If you want to see a hard-working guitar ace, look no further than Roine Stolt, who has been going non-stop for more than 25 years. The Swedish axeman is currently busy with two major prog bands, both of which have released albums in 2021; the Flower Kings launched Islands while Transatlantic offered The Absolute Universe in two versions. Does Stolt ever sleep?
You’ve been working ceaselessly. Describe a typical day for you.
Once I get the breakfast things out of the way, I go to work tracking guitar, mixing, or writing new material. I’m lucky to have my studio in the same building as my house, so I try to blend music with a normal family life.
I love my job, and I take nothing for granted. Over the last 25 years, I’ve been part of almost 100 releases with the Flower Kings, Transatlantic, the Sea Within, Kaipa, the Tangent, and Agents Of Mercy, plus my work with Jon Anderson and Steve Hackett.
The Flower Kings is your creative baby, but Transatlantic has three songwriters in three countries. How do you collaborate when writing long-distance?
This time, I probably put in the most work making demos, so I went into rehearsals with almost an hour and a half of music. Some of it landed on the new record, and whatever didn’t, I presented to the Flower Kings for Islands. The material was pretty much standard; we’d pick bits and pieces, and built them up from there. Besides that, we were recording in a top-of-the-line studio, Fenix Studios, in Sweden, with a big SSL desk and the finest converters available. There, we could play together to find an organic feel and get the tempos right. It always comes together in the end – but in all honesty, it’s sometimes a bit of chaos and battle of egos (laughs).
How do the Flower Kings’ Jonas Reingold and Transatlantic’s Pete Trewavas differ as bassists?
I’d say Pete has a more melodic sensibility than Jonas and plays more notes. Jonas, meanwhile, does a fair bit of fretless and has a jazzier style, which he does really well. Both have a very strong sense of rhythm and are among the very best players in prog today – definitely on par with greats like Chris Squire and Mike Rutherford in their prime.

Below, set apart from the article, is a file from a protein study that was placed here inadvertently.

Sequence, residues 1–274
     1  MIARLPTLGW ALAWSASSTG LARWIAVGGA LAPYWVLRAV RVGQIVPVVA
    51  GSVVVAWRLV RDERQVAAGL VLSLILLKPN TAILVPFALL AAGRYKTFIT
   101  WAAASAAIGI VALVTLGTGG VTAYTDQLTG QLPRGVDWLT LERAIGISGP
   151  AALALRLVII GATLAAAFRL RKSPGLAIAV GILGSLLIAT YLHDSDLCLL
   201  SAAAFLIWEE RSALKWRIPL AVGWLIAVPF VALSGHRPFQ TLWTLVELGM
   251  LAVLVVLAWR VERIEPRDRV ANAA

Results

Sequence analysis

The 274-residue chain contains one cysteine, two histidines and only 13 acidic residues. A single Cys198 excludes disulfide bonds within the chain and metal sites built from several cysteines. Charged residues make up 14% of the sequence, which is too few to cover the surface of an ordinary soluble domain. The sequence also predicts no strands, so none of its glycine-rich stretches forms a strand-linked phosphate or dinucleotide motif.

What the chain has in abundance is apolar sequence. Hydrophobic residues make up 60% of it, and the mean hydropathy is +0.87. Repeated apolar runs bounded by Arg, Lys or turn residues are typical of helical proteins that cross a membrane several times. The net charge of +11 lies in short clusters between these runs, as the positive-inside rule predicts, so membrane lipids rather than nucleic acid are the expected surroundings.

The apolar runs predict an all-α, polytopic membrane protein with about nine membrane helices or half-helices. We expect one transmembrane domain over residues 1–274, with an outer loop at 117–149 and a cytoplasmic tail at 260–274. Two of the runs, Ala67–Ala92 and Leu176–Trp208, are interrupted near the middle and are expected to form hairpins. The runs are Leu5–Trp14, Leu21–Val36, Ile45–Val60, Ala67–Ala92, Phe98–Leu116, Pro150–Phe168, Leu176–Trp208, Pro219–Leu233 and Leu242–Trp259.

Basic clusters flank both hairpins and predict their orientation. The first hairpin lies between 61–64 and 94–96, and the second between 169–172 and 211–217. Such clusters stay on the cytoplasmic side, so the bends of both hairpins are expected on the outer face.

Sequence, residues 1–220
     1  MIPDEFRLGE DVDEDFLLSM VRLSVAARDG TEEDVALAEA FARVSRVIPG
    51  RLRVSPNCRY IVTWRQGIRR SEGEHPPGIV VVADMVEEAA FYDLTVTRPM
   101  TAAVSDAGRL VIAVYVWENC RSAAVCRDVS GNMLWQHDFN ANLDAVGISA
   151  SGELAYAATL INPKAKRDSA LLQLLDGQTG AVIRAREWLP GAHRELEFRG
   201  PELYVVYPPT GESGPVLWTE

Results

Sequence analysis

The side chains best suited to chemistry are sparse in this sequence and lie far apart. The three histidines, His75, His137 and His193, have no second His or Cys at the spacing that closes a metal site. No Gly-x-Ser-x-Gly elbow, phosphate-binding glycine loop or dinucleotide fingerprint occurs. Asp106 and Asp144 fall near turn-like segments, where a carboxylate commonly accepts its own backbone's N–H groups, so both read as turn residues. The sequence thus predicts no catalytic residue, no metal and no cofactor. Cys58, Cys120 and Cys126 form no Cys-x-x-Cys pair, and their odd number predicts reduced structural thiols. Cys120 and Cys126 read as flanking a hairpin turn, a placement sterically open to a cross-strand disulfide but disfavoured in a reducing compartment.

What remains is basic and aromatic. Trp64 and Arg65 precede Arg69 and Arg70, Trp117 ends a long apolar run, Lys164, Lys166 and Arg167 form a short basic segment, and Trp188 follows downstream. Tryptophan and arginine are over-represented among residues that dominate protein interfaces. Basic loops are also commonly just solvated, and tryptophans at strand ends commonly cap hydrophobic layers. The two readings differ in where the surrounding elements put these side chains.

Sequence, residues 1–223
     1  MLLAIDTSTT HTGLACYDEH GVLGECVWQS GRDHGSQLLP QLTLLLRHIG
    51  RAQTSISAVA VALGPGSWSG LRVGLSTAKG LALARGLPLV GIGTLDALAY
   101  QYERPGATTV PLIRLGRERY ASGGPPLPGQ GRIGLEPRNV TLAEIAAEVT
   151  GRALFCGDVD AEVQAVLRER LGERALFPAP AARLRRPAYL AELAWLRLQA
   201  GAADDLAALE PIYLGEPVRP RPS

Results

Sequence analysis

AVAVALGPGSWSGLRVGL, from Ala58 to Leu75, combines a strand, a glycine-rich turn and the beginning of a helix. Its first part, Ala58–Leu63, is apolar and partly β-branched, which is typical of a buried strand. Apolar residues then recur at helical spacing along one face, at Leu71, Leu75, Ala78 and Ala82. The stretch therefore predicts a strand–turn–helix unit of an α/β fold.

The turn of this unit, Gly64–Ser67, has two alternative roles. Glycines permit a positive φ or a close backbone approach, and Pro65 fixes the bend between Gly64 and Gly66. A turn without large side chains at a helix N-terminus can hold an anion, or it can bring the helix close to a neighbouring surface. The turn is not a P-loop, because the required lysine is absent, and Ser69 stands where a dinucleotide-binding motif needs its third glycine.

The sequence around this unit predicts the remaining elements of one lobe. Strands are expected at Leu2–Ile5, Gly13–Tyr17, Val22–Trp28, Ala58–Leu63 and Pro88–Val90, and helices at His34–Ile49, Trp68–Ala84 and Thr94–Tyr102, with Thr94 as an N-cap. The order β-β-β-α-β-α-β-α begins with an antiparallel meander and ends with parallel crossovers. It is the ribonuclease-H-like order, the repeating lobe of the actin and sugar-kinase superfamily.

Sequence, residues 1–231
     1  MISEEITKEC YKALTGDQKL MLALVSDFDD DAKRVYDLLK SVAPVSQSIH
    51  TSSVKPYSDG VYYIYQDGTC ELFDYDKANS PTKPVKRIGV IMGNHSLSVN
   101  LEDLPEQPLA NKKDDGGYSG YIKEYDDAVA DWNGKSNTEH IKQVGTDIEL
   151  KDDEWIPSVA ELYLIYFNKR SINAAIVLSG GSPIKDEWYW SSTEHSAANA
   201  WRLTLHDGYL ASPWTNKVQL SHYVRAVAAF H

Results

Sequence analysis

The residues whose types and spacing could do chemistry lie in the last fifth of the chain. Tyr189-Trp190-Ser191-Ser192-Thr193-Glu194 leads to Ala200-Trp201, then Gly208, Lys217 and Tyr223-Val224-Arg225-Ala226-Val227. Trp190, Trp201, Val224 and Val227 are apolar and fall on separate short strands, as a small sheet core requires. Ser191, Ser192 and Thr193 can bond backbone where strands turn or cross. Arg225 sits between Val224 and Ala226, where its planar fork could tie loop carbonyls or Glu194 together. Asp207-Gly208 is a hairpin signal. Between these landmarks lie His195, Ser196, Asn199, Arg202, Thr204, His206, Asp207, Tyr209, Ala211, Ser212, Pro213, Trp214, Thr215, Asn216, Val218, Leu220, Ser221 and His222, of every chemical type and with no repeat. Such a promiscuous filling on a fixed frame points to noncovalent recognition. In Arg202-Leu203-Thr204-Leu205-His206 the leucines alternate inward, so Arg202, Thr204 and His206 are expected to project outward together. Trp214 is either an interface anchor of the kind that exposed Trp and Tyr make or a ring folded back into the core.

“Take Now My Soul” has a fusiony solo that speaks to Allan Holdsworth – not your usual bluesy style.
Thanks. I don’t plan anything; all of my guitar leads on The Absolute Universe were 100 percent spontaneous. I just play whatever feels right. That one might have been a nod to Allan, who I first saw live in 1973 with the band Tempest. It was almost edited out, but Mike [Portnoy, drummer] and Pete said it had to stay in there – I’m glad they insisted. It’s my personal favorite solo on the Transatlantic album. I ran through it three times and then got lucky – the tones were just singing. The choice of notes of phrase were mine, with a touch of Swedish folk, far different from any modern shred scales or metal licks. I probably borrowed them from 1800s Swedish folk music for violin.
“The Darkness in the Light” has a particularly sweet tones. Which amp or overdrive pedal did you use for the solo?
That was a Mesa Transatlantic set in the Vox position, with a Keeley Aria overdrive pedal. The Orange 2×12 cab was miked with a Neumann TLM 103 through a Millennia HV-3D preamp, and it went straight into the DAW.
Why do you play a mid-priced Telecaster Thinline when you could have a Custom Shop model?
I could have a Custom Shop, but reality is when I bought the Mexi Tele almost 20 years ago, it was just so good. It had a stunning resonance – perfect pieces of tonewood – so I didn’t care where it was made. It was just the guitar. Now it has a new True Temperament fretboard, acoustic pickup, and locking tuners that make it my weapon of choice for live and studio work. Of course, I still have my ’53 Les Paul, an ES-175, a Custom Shop Stratocaster, a Parker, and Jet custom.
Is there anything specific about your playing that is innately Swedish?
That is not for me to say, but I guess there might be some elements of Swedish folk music creepin’ in. The rest is most likely just down to our regular European heritage. We live in Sweden, digesting this country and its cultural expressions – its mood, its colors. These days, I may not feel exclusively Swedish anymore because I collaborate mostly with musicians from other countries, but in the end, my history is here. My musical roots come from Swedish folklore.
This article originally appeared in VG’s June 2021 issue. All copyrights are by the author and Vintage Guitar magazine. Unauthorized replication or use is strictly prohibited.